Fire Prevention Week: Every Second Counts, Plan 2 Ways Out!

As we begin to seal up our homes and windows and turn on the heat for the winter months ahead, it’s important to have a plan in place when it comes to fire safety and preparedness.

National Fire Prevention Week is October 8-14. The National Fire Protection Association has created this campaign to spread awareness about fire prevention, education, and safety with peers and family members alike. This year’s Fire Prevention Week theme is ‘Every Second Counts, Plan 2 Ways Out!’.

Often, a fire can prohibit a main escape route. The smoke may be too thick in a hallway to escape safely or a fire may break out on a stairwell. While difficult to imagine, these scenarios are important to think about, and it is even more important to plan at least two escape routes. Make sure your family knows at least two ways out of every room in your home. Practice fire drills with everyone in the household—this is the key to being prepared and familiar with your surroundings in the case of a fire. If you have children, make sure to have a conversation with them about safe escape options from your home, rather than focusing on just one way out.

Another important practice to keep in mind is to map out your escape plan. By drawing a map, it brings attention to the purpose of escape planning. Physically drawing a map acts as reinforcement to the agreed upon escape plans, and also acts as a reference to guests who come over in case of an emergency.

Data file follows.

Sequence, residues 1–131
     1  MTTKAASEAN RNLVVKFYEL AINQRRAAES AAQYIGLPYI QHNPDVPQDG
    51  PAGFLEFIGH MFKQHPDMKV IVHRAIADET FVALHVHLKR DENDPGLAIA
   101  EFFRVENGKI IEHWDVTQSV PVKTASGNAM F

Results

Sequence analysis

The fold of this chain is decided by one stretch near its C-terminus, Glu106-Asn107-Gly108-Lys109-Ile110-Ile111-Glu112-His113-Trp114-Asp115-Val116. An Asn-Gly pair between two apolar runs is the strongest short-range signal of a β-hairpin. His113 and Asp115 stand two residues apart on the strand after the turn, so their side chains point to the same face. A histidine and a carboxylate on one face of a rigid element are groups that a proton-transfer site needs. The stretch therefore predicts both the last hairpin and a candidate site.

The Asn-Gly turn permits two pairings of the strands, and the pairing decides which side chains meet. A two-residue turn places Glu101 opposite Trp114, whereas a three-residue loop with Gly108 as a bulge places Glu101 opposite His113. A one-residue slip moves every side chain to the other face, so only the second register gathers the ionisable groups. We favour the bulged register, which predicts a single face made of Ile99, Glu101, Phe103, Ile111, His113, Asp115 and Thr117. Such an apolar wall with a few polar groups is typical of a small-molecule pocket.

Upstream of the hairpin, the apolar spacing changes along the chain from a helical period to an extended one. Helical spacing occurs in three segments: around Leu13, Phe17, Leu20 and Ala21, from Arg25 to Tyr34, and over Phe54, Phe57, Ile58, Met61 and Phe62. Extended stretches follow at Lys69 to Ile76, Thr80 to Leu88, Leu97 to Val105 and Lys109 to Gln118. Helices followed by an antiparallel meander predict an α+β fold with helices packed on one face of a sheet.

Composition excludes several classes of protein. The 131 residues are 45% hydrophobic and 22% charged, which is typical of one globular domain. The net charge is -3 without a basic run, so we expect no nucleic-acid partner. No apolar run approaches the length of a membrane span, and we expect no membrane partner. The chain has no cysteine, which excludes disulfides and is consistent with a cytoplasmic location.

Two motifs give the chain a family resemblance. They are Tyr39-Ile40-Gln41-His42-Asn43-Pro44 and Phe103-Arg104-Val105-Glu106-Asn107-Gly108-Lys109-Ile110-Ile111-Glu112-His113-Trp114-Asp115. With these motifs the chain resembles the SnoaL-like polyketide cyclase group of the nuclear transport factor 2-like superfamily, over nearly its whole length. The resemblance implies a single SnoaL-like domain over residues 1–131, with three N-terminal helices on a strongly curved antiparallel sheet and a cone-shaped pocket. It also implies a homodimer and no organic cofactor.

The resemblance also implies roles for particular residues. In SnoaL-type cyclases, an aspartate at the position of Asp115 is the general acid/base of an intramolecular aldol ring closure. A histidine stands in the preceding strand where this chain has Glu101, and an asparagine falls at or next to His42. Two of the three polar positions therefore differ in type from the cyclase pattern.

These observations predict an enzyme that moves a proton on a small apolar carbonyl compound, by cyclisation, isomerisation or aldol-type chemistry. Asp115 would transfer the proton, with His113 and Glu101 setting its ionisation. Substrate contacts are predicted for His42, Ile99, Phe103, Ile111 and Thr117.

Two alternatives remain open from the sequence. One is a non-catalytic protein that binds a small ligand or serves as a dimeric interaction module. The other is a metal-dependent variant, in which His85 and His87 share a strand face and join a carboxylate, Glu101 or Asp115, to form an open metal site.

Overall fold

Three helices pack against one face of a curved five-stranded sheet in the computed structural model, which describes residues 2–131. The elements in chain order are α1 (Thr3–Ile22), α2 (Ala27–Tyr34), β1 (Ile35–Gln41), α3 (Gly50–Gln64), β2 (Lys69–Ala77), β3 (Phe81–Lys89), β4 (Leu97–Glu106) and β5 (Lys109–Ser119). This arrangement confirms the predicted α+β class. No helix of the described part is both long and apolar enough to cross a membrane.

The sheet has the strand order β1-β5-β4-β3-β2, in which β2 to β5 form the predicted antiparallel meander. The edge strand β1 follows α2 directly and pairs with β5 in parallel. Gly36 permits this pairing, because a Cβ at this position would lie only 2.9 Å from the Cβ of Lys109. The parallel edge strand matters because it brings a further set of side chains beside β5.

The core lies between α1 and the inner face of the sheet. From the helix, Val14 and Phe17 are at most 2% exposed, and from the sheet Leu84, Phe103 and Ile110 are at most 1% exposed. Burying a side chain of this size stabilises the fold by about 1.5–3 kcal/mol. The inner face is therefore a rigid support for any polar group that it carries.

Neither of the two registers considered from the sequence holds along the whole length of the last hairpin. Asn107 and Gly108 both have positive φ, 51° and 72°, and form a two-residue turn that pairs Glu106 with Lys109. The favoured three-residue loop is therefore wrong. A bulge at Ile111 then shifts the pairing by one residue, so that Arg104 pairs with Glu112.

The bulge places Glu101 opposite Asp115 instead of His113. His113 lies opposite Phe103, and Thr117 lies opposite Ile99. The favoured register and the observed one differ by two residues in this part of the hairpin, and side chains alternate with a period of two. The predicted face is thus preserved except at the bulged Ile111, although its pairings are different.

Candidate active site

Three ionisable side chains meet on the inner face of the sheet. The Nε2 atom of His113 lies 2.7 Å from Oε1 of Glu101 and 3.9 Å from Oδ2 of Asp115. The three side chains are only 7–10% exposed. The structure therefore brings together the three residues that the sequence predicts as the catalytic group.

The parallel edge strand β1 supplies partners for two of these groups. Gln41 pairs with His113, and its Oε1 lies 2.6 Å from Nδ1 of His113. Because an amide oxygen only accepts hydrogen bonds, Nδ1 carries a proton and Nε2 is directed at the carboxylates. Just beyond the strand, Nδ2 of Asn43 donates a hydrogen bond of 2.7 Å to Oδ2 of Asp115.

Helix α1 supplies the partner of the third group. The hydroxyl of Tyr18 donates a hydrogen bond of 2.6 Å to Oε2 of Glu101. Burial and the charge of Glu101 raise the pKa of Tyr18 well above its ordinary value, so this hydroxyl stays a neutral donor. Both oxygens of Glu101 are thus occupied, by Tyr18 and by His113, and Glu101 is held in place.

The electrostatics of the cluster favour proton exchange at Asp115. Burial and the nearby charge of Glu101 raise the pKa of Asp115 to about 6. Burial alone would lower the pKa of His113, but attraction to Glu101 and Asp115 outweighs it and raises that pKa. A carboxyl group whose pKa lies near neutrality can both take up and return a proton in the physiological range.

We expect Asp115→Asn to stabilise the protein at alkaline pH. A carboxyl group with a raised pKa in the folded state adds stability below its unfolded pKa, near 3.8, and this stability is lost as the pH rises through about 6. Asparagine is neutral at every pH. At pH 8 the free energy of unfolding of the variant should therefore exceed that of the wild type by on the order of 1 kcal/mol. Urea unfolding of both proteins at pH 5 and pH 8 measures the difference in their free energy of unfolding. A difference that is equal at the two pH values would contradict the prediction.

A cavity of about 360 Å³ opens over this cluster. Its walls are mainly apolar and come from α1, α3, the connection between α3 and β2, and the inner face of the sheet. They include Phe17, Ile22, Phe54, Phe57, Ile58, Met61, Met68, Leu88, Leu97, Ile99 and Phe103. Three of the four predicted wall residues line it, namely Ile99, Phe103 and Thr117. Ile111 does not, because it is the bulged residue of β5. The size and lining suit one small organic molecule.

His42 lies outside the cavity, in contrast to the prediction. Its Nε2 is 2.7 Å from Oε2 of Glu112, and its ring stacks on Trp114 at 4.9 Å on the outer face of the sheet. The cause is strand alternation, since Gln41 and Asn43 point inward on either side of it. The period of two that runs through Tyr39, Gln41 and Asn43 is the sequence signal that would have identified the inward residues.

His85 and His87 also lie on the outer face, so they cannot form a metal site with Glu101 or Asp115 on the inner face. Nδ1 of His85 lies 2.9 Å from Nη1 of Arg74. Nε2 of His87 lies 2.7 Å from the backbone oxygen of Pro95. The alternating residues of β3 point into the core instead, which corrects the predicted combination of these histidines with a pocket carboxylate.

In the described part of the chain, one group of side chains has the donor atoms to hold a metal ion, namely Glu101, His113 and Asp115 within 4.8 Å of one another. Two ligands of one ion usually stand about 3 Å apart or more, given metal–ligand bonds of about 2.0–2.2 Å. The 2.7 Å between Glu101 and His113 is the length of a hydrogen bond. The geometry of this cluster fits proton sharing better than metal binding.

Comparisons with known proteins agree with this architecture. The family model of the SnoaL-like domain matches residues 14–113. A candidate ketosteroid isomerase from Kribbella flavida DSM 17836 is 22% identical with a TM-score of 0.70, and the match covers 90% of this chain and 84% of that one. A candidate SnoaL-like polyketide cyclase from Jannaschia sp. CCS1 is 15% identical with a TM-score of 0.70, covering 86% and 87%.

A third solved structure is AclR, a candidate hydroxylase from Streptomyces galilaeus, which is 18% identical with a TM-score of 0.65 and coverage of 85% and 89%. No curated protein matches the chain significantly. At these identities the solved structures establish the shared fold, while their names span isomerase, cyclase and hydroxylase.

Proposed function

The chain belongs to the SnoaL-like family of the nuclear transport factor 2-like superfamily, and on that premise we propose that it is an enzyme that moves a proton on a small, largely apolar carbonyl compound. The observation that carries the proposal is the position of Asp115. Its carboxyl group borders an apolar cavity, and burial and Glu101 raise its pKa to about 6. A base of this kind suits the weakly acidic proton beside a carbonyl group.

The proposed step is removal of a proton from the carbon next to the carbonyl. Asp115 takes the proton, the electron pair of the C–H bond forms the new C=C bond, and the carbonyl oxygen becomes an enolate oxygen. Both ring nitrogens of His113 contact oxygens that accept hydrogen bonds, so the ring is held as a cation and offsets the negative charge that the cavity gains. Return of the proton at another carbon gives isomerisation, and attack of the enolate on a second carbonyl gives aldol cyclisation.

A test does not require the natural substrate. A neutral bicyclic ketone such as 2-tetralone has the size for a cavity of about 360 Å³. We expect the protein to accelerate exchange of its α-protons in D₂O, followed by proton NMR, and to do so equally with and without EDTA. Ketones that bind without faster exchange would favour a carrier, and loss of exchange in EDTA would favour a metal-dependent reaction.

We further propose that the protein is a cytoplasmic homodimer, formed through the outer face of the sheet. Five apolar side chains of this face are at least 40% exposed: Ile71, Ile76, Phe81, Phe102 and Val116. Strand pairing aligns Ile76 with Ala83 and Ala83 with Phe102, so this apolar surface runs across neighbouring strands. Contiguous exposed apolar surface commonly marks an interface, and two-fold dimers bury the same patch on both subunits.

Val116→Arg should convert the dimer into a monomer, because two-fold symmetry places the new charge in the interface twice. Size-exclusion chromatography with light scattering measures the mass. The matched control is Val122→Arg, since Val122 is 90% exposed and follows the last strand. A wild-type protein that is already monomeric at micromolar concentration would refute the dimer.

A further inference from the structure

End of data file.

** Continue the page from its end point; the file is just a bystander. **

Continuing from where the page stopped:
Andersen employee Mike Galowitz has been the Assistant Fire Chief at the Bayport, Minnesota Fire Department since 1999. Throughout his many years of service, Mike has many helpful tips. “We as a fire department cannot stress enough the importance of having working smoke and carbon monoxide detectors in the home. Early notification of any emergency situation in the home is key to ensuring families can follow their planned route and escape safely”.

To learn more about Fire Prevention Week, click here.

 

At the Bayport Fire Department training facility, Mike explains the importance of knowing two separate escape methods during a fire.

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